The Atlantic will probably produce an above-average 16 tropical storms this year, with eight of those strengthening into hurricanes, AccuWeather Inc. said.
Four of the systems are expected to become major hurricanes, Category 3 or stronger with winds of at least 111 miles (179 kilometers) per hour, according to the State College, Pennsylvania-based forecaster.
The 30-year average for the Atlantic is 12 tropical storms, six of which become hurricanes and three major storms. Atlantic hurricanes are watched closely because of their threat to major U.S. population centers and oil and natural gas production and processing.
“It will be an above-normal season with perhaps stronger storms than last year,” Dan Kottlowski, lead hurricane forecaster at AccuWeather, said in a telephone interview. “That doesn’t mean the stronger storms will hit the U.S., but we do think there will be a lot more potential for stronger storms this year.”
The Gulf of Mexico is home to 7 percent of U.S. natural gas output, 23 percent of oil production and 44 percent of refining capacity, according to the Energy Department. In addition, Florida is the world’s second-largest orange producer, behind Brazil.
AccuWeather said today that at least three storms may hit the U.S. this year. It can’t say how strong they will be.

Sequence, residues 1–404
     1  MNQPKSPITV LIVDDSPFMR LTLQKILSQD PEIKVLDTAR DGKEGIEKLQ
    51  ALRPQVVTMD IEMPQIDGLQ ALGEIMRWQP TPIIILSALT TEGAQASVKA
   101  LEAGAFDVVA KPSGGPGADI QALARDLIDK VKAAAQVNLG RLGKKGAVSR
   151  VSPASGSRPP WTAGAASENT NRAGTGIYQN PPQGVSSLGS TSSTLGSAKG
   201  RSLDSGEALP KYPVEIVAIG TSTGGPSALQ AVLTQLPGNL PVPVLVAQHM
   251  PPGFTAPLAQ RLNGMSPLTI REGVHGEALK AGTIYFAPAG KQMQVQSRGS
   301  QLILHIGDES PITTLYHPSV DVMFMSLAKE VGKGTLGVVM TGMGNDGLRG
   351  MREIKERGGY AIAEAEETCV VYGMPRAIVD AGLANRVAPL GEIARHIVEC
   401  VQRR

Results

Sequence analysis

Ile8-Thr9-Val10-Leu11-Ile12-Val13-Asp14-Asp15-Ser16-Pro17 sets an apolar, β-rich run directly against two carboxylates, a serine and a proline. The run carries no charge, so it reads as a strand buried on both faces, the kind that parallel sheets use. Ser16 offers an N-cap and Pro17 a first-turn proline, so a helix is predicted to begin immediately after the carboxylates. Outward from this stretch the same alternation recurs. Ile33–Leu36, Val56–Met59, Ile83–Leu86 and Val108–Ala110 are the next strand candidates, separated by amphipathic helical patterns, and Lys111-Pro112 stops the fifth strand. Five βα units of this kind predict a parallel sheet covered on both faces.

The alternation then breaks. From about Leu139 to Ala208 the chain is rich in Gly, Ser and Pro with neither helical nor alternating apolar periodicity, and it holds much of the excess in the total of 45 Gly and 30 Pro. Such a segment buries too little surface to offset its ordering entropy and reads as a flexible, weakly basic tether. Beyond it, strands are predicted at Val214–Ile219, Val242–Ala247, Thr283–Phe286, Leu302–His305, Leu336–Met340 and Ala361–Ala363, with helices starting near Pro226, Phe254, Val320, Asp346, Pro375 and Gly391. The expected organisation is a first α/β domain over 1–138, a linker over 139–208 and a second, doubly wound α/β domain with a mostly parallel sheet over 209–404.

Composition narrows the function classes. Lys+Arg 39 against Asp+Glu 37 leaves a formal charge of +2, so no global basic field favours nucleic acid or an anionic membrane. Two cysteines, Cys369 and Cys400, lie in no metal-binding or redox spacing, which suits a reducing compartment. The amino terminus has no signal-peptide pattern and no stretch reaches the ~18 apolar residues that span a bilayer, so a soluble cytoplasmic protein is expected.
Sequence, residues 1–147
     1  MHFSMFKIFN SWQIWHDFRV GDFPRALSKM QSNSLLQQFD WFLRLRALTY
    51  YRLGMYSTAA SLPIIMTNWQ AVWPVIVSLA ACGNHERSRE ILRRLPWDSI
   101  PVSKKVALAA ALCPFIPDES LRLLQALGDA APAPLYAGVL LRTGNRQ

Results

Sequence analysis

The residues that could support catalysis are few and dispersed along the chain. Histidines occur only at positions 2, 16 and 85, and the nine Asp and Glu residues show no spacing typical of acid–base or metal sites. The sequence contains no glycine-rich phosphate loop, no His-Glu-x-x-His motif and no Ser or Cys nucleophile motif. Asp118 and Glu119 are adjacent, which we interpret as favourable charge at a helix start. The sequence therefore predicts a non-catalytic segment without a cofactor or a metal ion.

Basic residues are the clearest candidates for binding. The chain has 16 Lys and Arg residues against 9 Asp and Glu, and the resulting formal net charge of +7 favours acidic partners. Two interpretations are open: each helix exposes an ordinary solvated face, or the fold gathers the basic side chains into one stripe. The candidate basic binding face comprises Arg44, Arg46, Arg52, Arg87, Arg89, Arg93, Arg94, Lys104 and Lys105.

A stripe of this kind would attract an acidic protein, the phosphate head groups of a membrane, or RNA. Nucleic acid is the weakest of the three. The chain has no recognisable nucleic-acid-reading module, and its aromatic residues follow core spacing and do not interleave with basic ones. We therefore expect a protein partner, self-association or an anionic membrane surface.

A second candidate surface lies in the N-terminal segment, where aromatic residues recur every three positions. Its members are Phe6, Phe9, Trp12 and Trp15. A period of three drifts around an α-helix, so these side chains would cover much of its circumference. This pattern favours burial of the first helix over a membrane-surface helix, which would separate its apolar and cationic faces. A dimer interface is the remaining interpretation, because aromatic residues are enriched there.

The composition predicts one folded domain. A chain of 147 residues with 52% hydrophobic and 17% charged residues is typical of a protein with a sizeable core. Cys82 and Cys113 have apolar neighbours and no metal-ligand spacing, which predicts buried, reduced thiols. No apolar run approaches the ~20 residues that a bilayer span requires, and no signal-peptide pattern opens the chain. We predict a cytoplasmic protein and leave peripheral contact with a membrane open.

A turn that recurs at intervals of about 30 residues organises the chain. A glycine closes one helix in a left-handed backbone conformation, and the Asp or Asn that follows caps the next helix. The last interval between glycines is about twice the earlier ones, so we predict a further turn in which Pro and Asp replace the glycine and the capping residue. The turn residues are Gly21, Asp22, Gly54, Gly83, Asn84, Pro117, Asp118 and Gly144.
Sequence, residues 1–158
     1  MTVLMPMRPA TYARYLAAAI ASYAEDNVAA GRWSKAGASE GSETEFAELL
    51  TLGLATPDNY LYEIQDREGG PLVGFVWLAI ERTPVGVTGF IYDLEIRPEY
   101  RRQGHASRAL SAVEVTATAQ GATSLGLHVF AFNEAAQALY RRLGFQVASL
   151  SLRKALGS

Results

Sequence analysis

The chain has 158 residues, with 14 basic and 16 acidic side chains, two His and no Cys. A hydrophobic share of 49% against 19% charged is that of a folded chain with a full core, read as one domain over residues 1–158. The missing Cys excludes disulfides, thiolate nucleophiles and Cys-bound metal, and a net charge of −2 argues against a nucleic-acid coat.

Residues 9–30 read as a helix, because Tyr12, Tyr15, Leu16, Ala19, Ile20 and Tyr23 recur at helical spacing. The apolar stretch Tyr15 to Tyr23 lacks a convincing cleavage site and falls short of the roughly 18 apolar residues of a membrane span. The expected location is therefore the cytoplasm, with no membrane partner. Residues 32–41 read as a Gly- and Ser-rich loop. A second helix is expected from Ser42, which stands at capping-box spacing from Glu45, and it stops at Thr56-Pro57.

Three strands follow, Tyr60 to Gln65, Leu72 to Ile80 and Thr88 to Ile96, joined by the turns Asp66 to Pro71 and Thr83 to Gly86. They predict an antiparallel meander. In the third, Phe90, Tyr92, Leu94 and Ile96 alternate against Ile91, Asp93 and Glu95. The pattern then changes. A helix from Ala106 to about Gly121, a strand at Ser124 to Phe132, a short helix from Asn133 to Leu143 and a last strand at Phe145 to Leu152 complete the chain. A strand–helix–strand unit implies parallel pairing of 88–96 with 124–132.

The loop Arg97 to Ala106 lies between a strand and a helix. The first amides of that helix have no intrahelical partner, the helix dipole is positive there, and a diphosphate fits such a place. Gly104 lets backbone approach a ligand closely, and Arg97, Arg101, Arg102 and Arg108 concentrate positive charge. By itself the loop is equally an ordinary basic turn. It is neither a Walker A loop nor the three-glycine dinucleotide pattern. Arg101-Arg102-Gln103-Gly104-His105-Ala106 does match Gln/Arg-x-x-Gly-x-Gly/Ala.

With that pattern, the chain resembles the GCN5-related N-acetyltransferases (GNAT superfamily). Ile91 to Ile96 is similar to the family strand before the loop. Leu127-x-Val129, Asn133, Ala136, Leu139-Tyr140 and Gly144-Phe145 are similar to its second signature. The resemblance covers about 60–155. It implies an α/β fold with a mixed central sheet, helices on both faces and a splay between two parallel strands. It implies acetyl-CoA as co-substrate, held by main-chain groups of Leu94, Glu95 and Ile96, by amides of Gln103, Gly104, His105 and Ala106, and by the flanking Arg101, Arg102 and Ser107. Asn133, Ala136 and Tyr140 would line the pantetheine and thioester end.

People should keep the example of Hurricane Sandy in mind when judging threat, Kottlowski said. Sandy struck the coast of New Jersey and inflicted billions of dollars’ worth of damage although it was no longer classified a hurricane when it hit.
“You don’t need a Category 4 hurricane to cause massive damage, all you need is a big, overgrown storm,” Kottlowski said by telephone.
The Atlantic hurricane season begins June 1 and runs through November. A tropical system receives a name when winds reach 39 mph and becomes a hurricane when sustained winds grow to 74 mph.
Each of the past three years produced 19 named storms, and Kottlowski said all the factors that made those years so active are still in place in the Atlantic, including warm ocean water. Phenomena that could limit the number of storms, such as El Nino or dust from the African desert, are absent.
El Nino, a warming in the central Pacific Ocean, causes wind shear across the tropical Atlantic that can rob storms of their power or destroy them altogether. Dust and dry air off Africa can also damp a storm’s power and longevity.
“We’re trying to get a handle on how much some of these other small factors such as African dust are going to have on the season,” Kottlowski said.
In April, Colorado State University, which pioneered seasonal hurricane forecasting, predicted 18 storms would develop in the Atlantic this year and nine would become hurricanes. The National Oceanic and Atmospheric Administration will release its pre-season forecast on May 23.
The eastern Pacific Season, also tracked by the U.S. National Hurricane Center in Miami, started today.